Published January, 2005
The Health of Homeless Adults in New York City, New York City Departments of Health and Mental Hygiene and Homeless Services (2005)
This report discusses relationships between homelessness and health and puts them in context by studying the health of the homeless population in New York City. As the report notes, having physical illness and deteriorating mental health can contribute to a person becoming homeless, while homelessness itself can put individuals at further health risk. The report includes statistics on the estimated demographics of homeless individuals using the adult shelter systems, the existing health care services for sheltered homeless residents, and the death rates and causes of death among this population. It discusses the effect of many illnesses among the homeless population, and specifically includes a section on HIV, discussing it as "a condition of major concern in the homeless population." The report reveals that HIV/AIDS rates among the homeless in New York City is more than twice as high as among the general adult population. HIV/AIDS accounted for 31% of deaths among single adults who used the shelters, compared with less than 5% of deaths among adults in New York City. African-American adults had the highest proportion of deaths due to HIV/AIDS among all race/ethnicity groups. Among women who used the single adult shelter system, HIV/AIDS accounted for the largest proportion of deaths compared to any other cause.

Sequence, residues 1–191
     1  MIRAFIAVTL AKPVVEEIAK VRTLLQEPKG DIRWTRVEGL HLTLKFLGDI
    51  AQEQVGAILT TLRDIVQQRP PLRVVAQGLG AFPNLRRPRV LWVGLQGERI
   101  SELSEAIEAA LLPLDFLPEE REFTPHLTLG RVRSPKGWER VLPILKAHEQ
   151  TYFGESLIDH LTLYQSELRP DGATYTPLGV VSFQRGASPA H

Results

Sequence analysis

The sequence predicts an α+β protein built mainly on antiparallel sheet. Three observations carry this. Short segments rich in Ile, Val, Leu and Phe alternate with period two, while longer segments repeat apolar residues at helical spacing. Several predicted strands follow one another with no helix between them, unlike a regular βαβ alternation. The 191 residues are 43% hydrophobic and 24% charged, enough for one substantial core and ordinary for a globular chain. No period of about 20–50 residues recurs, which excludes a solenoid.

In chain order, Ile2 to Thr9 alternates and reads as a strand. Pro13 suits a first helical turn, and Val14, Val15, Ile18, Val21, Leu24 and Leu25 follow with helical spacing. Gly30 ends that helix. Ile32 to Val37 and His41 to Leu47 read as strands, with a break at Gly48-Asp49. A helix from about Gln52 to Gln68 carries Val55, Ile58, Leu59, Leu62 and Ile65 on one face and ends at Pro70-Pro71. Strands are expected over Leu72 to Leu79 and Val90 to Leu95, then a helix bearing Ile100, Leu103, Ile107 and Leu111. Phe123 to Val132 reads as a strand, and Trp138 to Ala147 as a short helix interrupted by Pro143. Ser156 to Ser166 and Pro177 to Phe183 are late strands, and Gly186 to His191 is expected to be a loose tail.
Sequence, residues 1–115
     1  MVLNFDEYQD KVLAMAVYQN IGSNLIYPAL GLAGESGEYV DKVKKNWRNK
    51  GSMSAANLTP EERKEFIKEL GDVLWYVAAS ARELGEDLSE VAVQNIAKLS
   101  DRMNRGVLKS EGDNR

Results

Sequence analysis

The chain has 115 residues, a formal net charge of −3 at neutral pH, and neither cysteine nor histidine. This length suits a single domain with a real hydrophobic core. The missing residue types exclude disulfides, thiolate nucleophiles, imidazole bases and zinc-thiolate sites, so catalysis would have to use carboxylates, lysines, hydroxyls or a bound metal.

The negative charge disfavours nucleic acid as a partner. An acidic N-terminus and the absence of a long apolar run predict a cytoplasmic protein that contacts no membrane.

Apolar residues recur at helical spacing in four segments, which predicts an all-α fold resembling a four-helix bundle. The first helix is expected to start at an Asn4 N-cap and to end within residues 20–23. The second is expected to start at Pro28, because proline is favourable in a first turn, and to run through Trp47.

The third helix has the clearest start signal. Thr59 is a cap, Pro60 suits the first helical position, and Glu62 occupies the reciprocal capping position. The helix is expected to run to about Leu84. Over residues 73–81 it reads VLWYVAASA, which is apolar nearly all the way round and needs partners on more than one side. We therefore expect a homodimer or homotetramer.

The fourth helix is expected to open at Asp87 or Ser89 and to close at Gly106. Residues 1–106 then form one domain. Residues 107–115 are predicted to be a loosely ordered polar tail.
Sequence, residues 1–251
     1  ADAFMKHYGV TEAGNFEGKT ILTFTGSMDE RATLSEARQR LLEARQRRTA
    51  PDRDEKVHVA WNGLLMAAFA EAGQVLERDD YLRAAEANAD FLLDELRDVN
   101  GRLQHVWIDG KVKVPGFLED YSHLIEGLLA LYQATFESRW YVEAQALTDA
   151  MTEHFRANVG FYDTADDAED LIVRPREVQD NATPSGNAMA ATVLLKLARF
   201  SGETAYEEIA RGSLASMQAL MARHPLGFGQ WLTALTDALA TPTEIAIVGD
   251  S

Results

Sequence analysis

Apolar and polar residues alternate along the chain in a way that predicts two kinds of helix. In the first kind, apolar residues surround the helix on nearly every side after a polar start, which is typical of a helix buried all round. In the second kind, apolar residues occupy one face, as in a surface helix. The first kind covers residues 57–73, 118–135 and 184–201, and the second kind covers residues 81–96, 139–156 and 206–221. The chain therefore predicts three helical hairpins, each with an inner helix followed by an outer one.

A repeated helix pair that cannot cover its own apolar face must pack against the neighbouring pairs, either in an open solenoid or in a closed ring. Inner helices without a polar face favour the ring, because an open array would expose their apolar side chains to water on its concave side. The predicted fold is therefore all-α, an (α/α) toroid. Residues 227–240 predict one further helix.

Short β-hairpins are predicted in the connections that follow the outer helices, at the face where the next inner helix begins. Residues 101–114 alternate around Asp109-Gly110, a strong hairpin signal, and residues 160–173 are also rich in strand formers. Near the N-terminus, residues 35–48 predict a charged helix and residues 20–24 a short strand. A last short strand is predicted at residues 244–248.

The report concludes with policy recommendations, such as increasing HIV prevention education and resources in homeless shelters by expanding the availability of condoms and information, and improving the identification of homeless adults with HIV who qualify for preferential housing.
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